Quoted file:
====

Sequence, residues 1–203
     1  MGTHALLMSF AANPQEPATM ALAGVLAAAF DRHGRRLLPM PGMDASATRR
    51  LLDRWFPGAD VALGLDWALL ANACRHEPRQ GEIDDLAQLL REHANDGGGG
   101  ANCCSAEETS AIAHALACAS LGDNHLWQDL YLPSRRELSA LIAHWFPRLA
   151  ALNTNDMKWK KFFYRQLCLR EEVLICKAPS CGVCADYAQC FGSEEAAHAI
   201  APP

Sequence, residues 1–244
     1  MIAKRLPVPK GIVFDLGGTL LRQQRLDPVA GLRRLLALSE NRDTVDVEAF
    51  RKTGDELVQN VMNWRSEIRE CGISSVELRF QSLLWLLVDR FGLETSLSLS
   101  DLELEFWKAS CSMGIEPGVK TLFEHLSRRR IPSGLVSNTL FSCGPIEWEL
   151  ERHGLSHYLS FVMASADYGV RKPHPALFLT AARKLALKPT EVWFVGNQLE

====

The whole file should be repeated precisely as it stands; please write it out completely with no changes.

Sequence, residues 1–203
     1  MGTHALLMSF AANPQEPATM ALAGVLAAAF DRHGRRLLPM PGMDASATRR
    51  LLDRWFPGAD VALGLDWALL ANACRHEPRQ GEIDDLAQLL REHANDGGGG
   101  ANCCSAEETS AIAHALACAS LGDNHLWQDL YLPSRRELSA LIAHWFPRLA
   151  ALNTNDMKWK KFFYRQLCLR EEVLICKAPS CGVCADYAQC FGSEEAAHAI
   201  APP

Sequence, residues 1–244
     1  MIAKRLPVPK GIVFDLGGTL LRQQRLDPVA GLRRLLALSE NRDTVDVEAF
    51  RKTGDELVQN VMNWRSEIRE CGISSVELRF QSLLWLLVDR FGLETSLSLS
   101  DLELEFWKAS CSMGIEPGVK TLFEHLSRRR IPSGLVSNTL FSCGPIEWEL
   151  ERHGLSHYLS FVMASADYGV RKPHPALFLT AARKLALKPT EVWFVGNQLE